First Words

You Are Not Alone

By Patricia Duane Lichtenberg ’90, AAVC executive director

On the morning of September 11th, I walked through the entrance of Reagan National Airport intending to catch the USAirways shuttle to LaGuardia. The night before over 400 Washington-area alumnae/i and Vassar administrators had attended a Vassar-sponsored reception at the National Building Museum to honor architect Cesar Pelli.

I was thinking of Pelli as I walked into the airport — recently and elegantly redesigned by him — when an unexpected sight met my gaze — a group of airline pilots standing in front of the electronic departure screens. It was so incongruous that I was, at first, amused. The pilots looked a bit lost. Something in the way they stood — rock still, faces devoid of expression — drew me to them. The usual blue/black departure screen had been converted to a television screen and showed the twin towers of the World Trade Center. I thought, "This is a movie" and turned to the pilots for reassurance. Their faces were the color of ash. A surreal calm settled over me and I watched myself turn and walk quickly to the ticket counter. My flight — all flights to New York were delayed indefinitely. An unsettling thought rose up inside me. I tamped it down in my mind, but it rose up again. I was alone.

I sped to Union Station to catch up with Bob Pounder and Jennifer Dahnert, who had attended the Pelli event the previous night. I boarded the 10:00 a.m. train and decided that I would slowly walk row by row looking at the travelers. If my colleagues were on the train, I would find them because I didn’t want to be alone. I did find them, and we embarked on a 10-hour odyssey back to Poughkeepsie. All that day we talked and worried about the Vassar alums we know in New York and D.C.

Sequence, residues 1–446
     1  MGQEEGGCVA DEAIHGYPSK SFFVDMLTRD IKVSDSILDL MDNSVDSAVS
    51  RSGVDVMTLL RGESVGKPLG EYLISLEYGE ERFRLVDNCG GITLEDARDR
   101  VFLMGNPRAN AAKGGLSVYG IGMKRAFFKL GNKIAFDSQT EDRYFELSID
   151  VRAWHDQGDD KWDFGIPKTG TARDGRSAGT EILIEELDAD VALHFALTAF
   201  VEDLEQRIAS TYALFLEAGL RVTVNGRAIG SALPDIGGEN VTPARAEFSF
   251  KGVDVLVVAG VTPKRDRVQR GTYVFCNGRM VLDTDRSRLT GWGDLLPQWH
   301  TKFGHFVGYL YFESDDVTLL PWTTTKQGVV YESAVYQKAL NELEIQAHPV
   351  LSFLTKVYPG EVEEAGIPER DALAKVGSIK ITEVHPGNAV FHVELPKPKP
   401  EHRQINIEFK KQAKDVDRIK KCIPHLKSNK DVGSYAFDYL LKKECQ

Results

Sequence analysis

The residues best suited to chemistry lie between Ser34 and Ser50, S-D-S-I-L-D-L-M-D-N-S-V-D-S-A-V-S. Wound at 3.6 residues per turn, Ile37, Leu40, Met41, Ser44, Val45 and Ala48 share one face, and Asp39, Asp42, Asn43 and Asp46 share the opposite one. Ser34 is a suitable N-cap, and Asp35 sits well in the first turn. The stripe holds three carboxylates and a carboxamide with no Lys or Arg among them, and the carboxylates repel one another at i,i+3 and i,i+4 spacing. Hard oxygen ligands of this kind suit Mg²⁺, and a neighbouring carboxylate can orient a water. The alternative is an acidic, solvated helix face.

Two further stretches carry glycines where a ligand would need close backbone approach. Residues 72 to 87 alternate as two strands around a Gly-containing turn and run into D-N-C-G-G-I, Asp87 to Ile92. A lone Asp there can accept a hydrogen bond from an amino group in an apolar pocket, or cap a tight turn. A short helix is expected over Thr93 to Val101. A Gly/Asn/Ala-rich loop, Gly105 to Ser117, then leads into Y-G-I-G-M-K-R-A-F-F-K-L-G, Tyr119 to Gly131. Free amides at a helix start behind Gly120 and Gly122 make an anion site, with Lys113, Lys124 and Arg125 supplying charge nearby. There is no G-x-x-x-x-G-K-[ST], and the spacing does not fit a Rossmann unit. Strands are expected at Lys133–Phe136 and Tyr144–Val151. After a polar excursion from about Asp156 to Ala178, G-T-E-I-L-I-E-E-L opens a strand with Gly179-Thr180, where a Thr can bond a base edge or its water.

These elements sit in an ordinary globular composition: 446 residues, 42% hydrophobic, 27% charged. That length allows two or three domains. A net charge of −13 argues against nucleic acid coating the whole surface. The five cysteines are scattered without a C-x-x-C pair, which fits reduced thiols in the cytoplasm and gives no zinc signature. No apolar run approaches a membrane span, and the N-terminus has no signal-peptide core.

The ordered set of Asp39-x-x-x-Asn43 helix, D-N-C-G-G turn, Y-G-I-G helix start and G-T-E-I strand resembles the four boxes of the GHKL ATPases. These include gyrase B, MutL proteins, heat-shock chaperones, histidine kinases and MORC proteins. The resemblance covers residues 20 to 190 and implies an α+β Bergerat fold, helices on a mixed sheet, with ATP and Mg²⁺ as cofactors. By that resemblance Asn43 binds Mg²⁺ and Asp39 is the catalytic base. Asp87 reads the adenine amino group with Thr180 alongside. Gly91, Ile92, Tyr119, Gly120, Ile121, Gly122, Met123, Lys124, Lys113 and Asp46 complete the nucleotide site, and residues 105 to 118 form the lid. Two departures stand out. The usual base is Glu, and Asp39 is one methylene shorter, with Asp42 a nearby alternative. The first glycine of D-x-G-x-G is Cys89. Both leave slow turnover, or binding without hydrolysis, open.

The next morning I went into the AAVC offices to find that the staff had been getting calls from alums looking for friends, from faculty and administrators searching for former students. I gathered the staff together, and we talked about the need to reach out to each other — the need to feel connected and not alone. From that discussion arose our Alumnae/i Check-In page on the AAVC Website. We had no idea that the response would be so overwhelming but we were proud to be able to provide some small service in the face of such sorrow.

The need to gather as a community is natural and reassuring. That lesson was made clear to me in a very personal way on September 11th. As we travel to meet with alumnae/i, as we gather in online communities, and come together in the pages of this magazine, we know that our Vassar ties are strong. Our education and the friendships we form — not only in the years spent as a student but later as the continual alumnae/i community — these things sustain us and continue to draw us back to the safe haven that is Vassar. In recent weeks we have seen many more alums coming back to campus to find solace and comfort from our pastoral campus. But if you cannot come back to campus, do not despair we are always with you.

Now, more than ever, we at AAVC are committed to sustaining our Vassar worldwide community. As long as you have Vassar, you will never be alone.